- the abode of the dead or of departed spirits.
- (lowercase) hell.
Origin of Sheol
First recorded in 1590–1600, Sheol is from the Hebrew word shəʾōl
Dictionary.com Unabridged Based on the Random House Unabridged Dictionary, © Random House, Inc. 2018
Examples from the Web for sheol
To die neglected by one's family was fatal to one's well-being in Sheol.
Yahwe's blessings are meted out in this world, but not in Sheol.
Life in Sheol was a continuation, in a measure, of the earthly existence.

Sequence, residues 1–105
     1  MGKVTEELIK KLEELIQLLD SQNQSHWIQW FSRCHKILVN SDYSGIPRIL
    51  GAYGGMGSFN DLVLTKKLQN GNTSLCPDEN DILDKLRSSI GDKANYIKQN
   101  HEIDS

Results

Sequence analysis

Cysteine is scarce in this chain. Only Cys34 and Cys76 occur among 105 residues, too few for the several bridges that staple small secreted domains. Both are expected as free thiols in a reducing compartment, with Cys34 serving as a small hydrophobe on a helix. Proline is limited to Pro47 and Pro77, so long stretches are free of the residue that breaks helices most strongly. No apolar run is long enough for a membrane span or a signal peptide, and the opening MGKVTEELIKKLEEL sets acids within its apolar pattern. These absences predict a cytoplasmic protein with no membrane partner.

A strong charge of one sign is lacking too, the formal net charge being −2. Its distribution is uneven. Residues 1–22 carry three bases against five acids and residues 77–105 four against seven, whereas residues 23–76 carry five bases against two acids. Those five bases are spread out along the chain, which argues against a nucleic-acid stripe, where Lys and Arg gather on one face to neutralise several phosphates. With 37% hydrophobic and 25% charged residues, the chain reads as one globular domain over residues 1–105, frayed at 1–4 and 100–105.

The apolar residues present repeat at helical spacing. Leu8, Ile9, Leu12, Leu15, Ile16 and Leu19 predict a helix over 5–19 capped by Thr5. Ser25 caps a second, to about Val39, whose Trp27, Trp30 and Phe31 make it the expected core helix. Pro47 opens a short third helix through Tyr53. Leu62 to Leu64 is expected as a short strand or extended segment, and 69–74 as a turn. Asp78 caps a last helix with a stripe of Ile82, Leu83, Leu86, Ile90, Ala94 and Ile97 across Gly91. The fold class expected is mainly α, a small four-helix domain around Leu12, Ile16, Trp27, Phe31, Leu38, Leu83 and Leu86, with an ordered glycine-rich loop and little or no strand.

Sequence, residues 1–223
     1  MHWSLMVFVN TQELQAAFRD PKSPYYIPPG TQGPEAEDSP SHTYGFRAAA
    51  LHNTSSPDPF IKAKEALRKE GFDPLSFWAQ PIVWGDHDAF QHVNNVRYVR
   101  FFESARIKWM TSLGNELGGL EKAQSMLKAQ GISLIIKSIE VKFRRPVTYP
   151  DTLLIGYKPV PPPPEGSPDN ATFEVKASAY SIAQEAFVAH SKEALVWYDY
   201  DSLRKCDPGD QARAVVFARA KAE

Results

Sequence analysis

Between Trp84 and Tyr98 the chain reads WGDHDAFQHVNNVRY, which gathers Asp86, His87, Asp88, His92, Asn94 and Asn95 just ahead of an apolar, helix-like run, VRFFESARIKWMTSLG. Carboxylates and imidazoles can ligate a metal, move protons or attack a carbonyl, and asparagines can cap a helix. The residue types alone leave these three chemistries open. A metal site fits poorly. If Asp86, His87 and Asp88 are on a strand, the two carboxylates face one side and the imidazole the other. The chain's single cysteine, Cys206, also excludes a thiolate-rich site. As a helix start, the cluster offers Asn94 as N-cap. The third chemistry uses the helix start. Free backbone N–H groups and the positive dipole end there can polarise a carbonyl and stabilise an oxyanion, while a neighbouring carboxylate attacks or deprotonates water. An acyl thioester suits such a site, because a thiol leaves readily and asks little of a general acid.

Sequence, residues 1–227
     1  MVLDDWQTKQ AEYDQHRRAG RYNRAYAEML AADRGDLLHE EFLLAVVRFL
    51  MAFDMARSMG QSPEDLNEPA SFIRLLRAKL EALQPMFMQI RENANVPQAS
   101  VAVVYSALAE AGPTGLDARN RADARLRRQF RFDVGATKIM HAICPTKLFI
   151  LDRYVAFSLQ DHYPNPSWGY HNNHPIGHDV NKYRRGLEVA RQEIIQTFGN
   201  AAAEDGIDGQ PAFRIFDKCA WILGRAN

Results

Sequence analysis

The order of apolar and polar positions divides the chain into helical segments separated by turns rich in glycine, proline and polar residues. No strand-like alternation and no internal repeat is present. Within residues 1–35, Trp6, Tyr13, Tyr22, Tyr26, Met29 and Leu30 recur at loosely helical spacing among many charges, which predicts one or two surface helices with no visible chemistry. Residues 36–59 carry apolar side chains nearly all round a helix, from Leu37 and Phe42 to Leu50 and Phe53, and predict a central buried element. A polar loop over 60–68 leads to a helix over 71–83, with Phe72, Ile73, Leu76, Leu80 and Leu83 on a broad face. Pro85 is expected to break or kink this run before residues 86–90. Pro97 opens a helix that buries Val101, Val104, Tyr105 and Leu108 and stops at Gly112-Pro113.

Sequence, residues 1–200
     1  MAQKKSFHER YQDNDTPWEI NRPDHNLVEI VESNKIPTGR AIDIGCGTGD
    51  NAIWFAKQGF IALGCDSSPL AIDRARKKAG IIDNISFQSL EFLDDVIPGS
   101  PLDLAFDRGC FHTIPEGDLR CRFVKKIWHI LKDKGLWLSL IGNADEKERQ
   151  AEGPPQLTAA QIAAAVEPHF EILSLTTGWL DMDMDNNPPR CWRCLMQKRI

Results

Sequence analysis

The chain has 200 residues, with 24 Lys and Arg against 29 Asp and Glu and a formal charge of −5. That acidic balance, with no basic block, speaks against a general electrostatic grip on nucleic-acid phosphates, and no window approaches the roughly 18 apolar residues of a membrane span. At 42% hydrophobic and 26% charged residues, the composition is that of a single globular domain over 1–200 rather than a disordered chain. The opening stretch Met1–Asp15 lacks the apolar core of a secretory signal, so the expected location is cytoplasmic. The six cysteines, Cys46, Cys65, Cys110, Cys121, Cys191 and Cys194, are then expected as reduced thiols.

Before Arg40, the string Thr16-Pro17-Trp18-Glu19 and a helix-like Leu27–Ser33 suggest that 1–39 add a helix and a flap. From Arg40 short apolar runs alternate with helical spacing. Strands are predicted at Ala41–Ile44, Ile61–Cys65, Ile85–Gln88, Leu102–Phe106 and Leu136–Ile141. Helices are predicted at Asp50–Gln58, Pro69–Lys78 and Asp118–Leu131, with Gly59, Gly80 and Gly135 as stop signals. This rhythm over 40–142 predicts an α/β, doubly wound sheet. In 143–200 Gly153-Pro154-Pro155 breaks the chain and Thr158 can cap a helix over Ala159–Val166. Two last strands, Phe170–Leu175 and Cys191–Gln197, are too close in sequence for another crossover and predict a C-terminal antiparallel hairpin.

In the later portions of the Old Testament, the use of Sheol is also avoided.
He who goes to Sheol in sorrow is pursued by sorrow after death.
- the abode of the dead
- (often not capital) hell
C16: from Hebrew shĕ'ōl
Collins English Dictionary - Complete & Unabridged 2012 Digital Edition © William Collins Sons & Co. Ltd. 1979, 1986 © HarperCollins Publishers 1998, 2000, 2003, 2005, 2006, 2007, 2009, 2012
Word Origin and History for sheol
1590s, from Hebrew, literally "the underworld, Hades," of unknown origin. Used in R.V. in place of Hell in many passages.
Online Etymology Dictionary, © 2010 Douglas Harper